For, Team India coach Rahul Dravid had donned the wicket-keeping gloves too.
Between 1994 and 2004, Dravid kept wickets in 73 One-day Internationals, including the World Cup in 2003, took 71 catches and effected 13 stumpings.
KL Rahul: India’s first choice wicketkeeper-batter in ODI World Cup
And like Dravid then, Rahul has stepped out of his comfort zone to fulfill the team’s requirement and play roles he has not been accustomed to in the early part of his career.
“My mindset or how I played cricket is, or what I’ve been taught growing up, is that a player has to be flexible and be willing to do whatever the team requires, whether it’s batting at No. 1 or No. 7, whatever the team requires of you, you will have to do,” Rahul said after India’s dominant win over Bangladesh on Thursday.
“So wicket-keeping is what the team wants me to do. And batting at No. 5 is what they expect me to do. And they’ve given me enough time. I’ve been in that position for the last few years.
“So it gives you time to understand that role. And yeah, each person has his own game, but also understands what their role in the team is. And each of us try to do our best.”
Personally, the Mehidy catch was “very satisfying” for Rahul as it was proof of his hard work and commitment to the team. “My role in the team now is to wicket keep and I’ve been working hard on it and really happy that I could and I’ve been able to do the job in the last few games,” he said.
“Yeah, and I work hard on my wicket-keeping. And it’s good to see that when I get the opportunity to take some good catches, I do that.”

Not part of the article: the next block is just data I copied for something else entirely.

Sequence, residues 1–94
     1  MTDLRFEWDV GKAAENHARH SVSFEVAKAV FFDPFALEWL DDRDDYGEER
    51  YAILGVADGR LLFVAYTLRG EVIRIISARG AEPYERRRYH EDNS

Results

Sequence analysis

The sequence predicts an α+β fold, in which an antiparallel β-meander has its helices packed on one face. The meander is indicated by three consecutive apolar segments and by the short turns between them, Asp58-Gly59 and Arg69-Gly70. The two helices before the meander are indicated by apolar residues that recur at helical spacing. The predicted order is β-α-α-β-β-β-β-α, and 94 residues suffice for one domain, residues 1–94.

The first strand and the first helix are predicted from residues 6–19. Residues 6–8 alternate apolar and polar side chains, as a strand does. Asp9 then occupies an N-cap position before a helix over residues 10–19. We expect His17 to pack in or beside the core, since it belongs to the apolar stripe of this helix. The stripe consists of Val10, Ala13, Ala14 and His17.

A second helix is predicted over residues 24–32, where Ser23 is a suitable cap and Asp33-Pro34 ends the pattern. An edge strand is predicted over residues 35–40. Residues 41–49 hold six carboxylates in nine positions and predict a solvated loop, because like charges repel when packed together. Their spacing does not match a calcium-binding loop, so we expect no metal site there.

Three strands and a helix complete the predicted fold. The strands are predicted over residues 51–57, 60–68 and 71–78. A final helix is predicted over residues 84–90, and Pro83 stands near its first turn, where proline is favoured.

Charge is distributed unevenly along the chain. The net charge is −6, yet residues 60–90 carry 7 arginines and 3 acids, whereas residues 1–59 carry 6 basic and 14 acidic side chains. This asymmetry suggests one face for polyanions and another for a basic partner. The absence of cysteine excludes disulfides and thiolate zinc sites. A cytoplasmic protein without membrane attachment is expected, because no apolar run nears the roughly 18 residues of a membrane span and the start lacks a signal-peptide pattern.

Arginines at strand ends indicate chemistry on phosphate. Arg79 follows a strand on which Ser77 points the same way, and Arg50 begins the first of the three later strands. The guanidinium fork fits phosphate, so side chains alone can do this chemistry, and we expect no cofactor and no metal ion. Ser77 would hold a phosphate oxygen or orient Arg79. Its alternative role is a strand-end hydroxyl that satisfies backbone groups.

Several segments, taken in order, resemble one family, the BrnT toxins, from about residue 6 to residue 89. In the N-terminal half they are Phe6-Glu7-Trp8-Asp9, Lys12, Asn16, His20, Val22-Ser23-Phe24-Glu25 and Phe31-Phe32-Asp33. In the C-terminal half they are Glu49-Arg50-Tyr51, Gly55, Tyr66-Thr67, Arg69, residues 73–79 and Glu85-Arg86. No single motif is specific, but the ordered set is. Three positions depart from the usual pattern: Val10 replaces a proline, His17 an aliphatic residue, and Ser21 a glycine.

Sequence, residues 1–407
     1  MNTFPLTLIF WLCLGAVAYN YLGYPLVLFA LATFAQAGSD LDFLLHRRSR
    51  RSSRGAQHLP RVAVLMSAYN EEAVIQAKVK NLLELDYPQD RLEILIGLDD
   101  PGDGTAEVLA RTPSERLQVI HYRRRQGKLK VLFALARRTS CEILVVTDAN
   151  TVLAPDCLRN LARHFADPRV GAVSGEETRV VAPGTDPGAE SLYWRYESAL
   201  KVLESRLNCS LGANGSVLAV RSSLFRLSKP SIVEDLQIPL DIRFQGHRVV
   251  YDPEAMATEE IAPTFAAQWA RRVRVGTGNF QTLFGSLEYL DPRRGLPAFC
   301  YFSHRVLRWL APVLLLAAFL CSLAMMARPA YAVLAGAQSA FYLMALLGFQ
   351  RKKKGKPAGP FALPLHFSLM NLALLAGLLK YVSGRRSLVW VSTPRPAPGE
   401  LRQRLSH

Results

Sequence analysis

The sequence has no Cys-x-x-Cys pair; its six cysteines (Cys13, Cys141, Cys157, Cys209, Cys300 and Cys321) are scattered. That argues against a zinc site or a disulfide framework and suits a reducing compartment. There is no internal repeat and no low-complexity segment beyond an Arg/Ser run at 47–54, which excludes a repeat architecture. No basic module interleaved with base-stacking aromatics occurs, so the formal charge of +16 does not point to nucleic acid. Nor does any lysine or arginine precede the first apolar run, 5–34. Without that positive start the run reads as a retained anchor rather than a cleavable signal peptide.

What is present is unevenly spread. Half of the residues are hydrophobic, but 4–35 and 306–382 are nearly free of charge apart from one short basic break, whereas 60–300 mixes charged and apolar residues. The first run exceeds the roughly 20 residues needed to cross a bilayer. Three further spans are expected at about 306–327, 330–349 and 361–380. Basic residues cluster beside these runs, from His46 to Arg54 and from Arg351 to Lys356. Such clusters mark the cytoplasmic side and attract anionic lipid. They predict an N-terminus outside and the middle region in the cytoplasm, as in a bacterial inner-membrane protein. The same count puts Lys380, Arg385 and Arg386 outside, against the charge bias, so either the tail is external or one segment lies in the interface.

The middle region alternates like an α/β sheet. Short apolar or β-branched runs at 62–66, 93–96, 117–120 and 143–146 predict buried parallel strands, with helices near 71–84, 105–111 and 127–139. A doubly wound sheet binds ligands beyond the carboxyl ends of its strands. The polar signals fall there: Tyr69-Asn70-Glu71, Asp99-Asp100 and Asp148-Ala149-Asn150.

Rahul provided some interesting insight on how he goes about the varying challenges of opening the innings and batting down the order. “I try and see the scoreboard and bat when coming in at No. 5,” he said. “That’s something that I think gives you the best opportunity to do well in the middle.
“When you’re opening the batting you don’t have the pressure of the scoreboard as much. You’re trying to set the game up. You can play your shots. I’ve done that throughout my life. So I know that process.
“In the middle order, you just need to be a little bit more patient and take some calculated risk. That’s the challenge, how to balance taking risks and when do you have to play your singles, when you have to rotate the strike. It is about understanding that.”
His role behind the stumps also means that he has the best view, after the opposing batsmen, of India’s pace spearhead Jasprit Bumrah and the in-form left-arm wrist spinner Kuldeep Yadav.
“It’s fun,” Rahul said of standing up to a world-class variety of bowlers. “We have a really good bowling attack.
“I don’t really get much chances to keep against them in practice, but when you play three games in a week, you don’t really need to keep in practice as much. You just have to stay physically fresh and trust your skill.”